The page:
It is preferable that the auxiliary component(s) as mentioned above are blended in an amount of 10 to 100 parts by weight per 100 parts by weight of the polyoxyethylene/polyoxypropylene condensation polyether, i.e., the main component. It is particularly preferable to blend these components in such a manner that the resulting binder composition for injection molding of the present invention is solid at room temperature and has a pour point of 40° to 100° C. This is because when the binder composition for injection molding is solid at room temperature, a mixture obtained by kneading the same with, for example, a metal powder may be readily pelletized and injection molded and the molded product thus obtained has excellent moldability. Furthermore, when the pour point of the binder composition for injection molding is 40° to 100° C., the molding can be effected at a temperature below 100° C.

The binder composition for injection molding of the present invention comprising water as the auxiliary component is particularly preferable since the viscosity of said binder can be readily adjusted without using any polymer resin and the composition has an excellent effect of degreasing.

Examples of the natural wax to be used as the auxiliary component in the present invention as described above include vegetable waxes such as carnauba wax and candelilla wax and mineral waxes such as ceresin and montan wax. Examples of the synthetic wax as described above include amine/amide wax, paraffin wax, microcrystalline wax, polyethylene wax and polypropylene wax.

Examples of the fatty acid to be used as the auxiliary component in the present invention as described above include stearic acid, palmitic acid, and oleic acid as well as other saturated or unsaturated fatty acids carrying 4 to 30 carbon atoms. Further natural fatty acids such as coconut oil fatty acids may be employed therefor.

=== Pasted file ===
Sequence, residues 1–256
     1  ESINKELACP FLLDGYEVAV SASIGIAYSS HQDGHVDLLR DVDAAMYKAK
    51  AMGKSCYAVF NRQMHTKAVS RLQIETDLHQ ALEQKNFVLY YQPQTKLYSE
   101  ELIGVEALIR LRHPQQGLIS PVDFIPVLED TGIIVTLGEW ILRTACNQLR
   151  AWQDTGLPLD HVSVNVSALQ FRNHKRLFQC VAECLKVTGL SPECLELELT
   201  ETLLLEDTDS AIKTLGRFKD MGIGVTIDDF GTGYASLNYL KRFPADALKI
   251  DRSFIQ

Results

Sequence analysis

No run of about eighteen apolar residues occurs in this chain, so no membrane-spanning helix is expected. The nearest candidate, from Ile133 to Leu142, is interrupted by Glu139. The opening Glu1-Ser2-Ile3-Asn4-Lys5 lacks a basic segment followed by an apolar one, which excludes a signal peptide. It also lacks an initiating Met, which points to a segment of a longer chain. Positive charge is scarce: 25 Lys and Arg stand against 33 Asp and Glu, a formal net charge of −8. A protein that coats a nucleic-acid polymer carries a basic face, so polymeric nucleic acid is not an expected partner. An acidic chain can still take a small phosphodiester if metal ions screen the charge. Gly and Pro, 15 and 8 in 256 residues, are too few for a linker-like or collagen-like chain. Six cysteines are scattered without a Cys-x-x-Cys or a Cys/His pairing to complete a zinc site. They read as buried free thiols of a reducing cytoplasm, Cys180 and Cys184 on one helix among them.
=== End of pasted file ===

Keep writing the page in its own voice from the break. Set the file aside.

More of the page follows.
Examples of the ester to be used as the auxiliary component in the present invention as described above include butyl stearate, oleyl oleate, glycerol monostearate, methyl esters of coconut fatty acids and sorbitan ester.

Examples of the metal soap to be used as the auxiliary component in the present invention as described above include calcium, magnesium and aluminium salts as well as other metal salts of fatty acids such as stearic acid, palmitic acid and oleic acid.

When an injection molding composition is to be prepared by using the binder composition for injection molding of the present invention, it is preferable that said binder composition for injection molding of the present invention is added to a metal or ceramic powder and kneaded with the same at a temperature of 80° to 150° C. The amount of the binder composition for injection molding to be added may be controlled in a conventional manner depending on the particle size distribution of the employed metal or ceramic powder.

Examples of said metal powder to which the binder composition for injection molding of the present invention is to be added include metallic silicon powder, iron or iron-alloy powder such as high-speed steel powder, hard metal powder obtained from, for example, titanium, tungsten or boron and a magnetic material powder. On the other hand, examples of said ceramic powder include silicon nitride powder, silicon carbide powder, alumina powder, zirconia powder and sialon (silicon nitride/alumina) powder. In addition, a cermet powder obtained by blending a metal powder with a ceramic powder may be employed therefor. Furthermore, a mixture of two or more metal and/or ceramic powders as mentioned above may be employed, if desired.

The composition containing the binder composition for injection molding of the present invention may be injection molded, degreased and sintered in a conventional manner.

By using the binder composition for injection molding as described above, degreasing may be effected at a temperature of 300° C. in three hours to thereby achieve a degreasing ratio of approximately 50% or above. The composition may be almost completely degreased within 10 to 15 hours or less in general or sometimes within approximately five hours depending on the shape of the molded product.